The St. Petersburg proposal would have made it illegal to conduct business, demonstrate or distribute leaflets from a median.
By CARRIE JOHNSON
Published September 18, 2004
ST. PETERSBURG - After a lively public hearing that stretched into the early morning hours of Friday, the City Council rejected a proposed ban on street vending.
The proposal would have made it illegal to conduct business, demonstrate or distribute leaflets from a median. The 5-2 vote was applauded by the free speech advocates and St. Petersburg Times representatives still in the council chamber at 1:30 a.m.
"Rarely do I agree with the groups that were demonstrating here tonight," said council chairman Bill Foster. "But God bless their right to do it. It's all about the First Amendment."
The council considered three options. The first would have made it illegal for a pedestrian to conduct business with a motorist on a city street. The second would have prohibited anyone from standing on a median for purposes other than crossing the street. The third would have allowed the council to decide whether to adopt the county's street vending ordinance.
For more than five hours, a parade of citizens offered their opinions. Almost 50 people spoke, from members of the International People's Democratic Uhuru Movement to St. Pete for Peace activists to neighborhood association leaders.
The first option was thrown out almost immediately for lack of support. The second option, prohibiting activity in medians, received more careful consideration.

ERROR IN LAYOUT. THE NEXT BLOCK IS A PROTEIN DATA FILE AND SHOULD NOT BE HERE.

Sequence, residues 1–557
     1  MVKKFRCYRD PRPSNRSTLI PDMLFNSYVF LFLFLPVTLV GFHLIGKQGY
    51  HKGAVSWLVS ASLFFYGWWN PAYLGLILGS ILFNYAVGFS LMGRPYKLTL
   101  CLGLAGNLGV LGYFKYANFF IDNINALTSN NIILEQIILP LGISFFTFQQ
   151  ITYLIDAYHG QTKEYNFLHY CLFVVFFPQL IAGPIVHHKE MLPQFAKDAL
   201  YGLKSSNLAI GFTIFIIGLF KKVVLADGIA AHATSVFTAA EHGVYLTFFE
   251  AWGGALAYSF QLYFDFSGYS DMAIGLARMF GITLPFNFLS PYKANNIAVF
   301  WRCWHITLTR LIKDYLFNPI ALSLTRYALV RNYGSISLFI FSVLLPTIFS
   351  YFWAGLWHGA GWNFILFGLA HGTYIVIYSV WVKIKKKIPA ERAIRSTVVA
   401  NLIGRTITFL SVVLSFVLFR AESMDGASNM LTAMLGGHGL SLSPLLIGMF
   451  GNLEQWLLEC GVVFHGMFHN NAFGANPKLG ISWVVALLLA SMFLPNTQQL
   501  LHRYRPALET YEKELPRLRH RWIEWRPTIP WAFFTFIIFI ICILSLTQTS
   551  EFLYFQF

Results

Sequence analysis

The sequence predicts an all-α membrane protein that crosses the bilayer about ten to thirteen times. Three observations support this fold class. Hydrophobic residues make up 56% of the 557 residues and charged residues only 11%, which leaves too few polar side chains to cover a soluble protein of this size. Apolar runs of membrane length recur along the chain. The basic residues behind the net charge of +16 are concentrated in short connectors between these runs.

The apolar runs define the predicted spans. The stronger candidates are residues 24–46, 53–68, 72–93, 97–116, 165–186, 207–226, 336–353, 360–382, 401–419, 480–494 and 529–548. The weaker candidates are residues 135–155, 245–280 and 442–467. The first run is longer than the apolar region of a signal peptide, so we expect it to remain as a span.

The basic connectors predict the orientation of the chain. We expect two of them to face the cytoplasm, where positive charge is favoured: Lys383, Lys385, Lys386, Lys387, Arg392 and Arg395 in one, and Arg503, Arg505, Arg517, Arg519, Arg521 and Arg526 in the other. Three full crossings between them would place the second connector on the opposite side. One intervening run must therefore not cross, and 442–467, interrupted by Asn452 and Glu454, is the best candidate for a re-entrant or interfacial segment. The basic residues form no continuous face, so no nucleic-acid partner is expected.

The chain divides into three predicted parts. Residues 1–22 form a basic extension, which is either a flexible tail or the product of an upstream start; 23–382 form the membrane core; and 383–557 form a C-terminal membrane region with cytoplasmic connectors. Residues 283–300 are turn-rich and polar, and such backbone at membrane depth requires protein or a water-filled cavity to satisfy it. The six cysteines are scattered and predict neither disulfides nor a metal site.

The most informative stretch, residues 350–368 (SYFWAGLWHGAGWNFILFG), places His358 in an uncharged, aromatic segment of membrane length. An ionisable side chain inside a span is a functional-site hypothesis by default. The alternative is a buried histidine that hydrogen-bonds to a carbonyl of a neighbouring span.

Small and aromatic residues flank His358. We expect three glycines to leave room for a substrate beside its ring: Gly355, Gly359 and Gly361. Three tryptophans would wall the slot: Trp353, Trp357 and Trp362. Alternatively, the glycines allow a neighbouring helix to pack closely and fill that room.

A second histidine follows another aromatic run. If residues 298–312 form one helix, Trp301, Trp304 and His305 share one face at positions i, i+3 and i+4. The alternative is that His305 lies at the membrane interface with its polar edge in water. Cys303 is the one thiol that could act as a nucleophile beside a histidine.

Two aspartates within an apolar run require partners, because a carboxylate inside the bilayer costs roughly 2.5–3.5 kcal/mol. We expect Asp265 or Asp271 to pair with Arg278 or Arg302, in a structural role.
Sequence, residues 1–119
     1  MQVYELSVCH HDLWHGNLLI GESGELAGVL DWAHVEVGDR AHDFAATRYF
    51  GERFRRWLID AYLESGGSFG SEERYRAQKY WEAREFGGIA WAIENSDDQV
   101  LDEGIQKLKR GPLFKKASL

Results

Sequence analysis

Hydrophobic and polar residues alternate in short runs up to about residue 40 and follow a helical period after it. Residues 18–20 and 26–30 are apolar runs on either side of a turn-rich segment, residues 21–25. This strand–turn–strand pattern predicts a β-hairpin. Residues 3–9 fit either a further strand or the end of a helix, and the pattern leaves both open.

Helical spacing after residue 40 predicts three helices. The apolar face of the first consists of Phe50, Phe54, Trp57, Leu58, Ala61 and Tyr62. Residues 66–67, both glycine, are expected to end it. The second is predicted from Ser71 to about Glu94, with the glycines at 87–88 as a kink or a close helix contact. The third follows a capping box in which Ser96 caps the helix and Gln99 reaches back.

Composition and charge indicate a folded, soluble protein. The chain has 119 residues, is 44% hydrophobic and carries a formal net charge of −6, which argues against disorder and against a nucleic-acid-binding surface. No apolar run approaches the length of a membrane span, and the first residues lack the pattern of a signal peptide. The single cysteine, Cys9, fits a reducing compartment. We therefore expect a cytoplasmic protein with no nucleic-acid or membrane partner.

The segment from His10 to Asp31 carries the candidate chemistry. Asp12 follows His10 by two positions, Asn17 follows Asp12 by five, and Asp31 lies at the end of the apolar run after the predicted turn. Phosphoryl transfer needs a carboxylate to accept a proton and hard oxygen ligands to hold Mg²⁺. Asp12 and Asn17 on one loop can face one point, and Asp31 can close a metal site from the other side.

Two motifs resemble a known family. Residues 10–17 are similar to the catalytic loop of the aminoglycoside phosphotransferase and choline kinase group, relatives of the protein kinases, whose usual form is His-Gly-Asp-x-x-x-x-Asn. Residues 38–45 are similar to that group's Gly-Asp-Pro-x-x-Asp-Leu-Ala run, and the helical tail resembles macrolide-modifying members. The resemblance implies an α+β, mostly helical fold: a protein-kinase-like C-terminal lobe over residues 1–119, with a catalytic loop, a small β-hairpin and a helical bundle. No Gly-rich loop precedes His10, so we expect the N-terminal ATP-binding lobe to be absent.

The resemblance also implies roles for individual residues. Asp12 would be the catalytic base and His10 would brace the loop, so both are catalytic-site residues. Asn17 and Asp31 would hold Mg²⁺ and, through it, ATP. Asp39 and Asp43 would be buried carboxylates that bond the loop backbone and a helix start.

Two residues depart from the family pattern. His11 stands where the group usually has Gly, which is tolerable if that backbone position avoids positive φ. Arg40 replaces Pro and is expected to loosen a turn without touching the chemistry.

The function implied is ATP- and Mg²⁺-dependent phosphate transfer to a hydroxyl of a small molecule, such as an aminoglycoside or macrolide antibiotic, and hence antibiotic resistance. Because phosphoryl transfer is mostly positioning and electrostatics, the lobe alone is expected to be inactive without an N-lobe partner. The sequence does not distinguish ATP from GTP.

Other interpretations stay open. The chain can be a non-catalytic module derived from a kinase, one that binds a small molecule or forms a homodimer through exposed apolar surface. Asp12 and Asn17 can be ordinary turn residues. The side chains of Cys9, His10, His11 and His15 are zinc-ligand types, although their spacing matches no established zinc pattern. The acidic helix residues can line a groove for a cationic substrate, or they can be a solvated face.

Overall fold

Council member Richard Kriseman, one of the strongest supporters of the ban, argued it was too dangerous to allow people to stand in the medians.
"I believe a line has been crossed," he said. "This has become a public safety issue."
Kriseman and council member James Bennett were the only two members who voted in favor of the ban. Council member Rene Flowers wasn't present.
Bennett said children had been spotted selling doughnuts along the highway in his district.
"I don't think the median is a place we need to do business," he said. "I don't think it's a place for us to be waving our political signs."
Others argued there were already state laws prohibiting pedestrians from obstructing traffic. Council member Jay Lasita warned his colleagues that passing the ordinance would be "throwing the baby out with the bathwater."
Mayor Rick Baker expressed concern about the St. Petersburg Times hawkers who sell the newspaper from city medians on Sundays and who would be put out of business.
"If somebody is spending 10 hours in the sun to make $100," Baker said, "they probably need the money."
After the motion was defeated, Baker urged the council not to adopt the county ordinance, which prohibits anyone from conducting business within 4 feet of a roadway. He expressed concern thatthe law was not narrowly tailored enough to withstand legal scrutiny.
Council members agreed, voting 6-1 to reject it. Kriseman voted in favor.
Tom Killian, president of the Jungle Terrace Civic Association, said he was disappointed by the council's actions. He said he has observed many potentially dangerous encounters between newspaper hawkers and motorists.
"We were just looking out for the safety of the citizens of St. Petersburg," Killian said. "That's all we wanted to do. But we were outnumbered."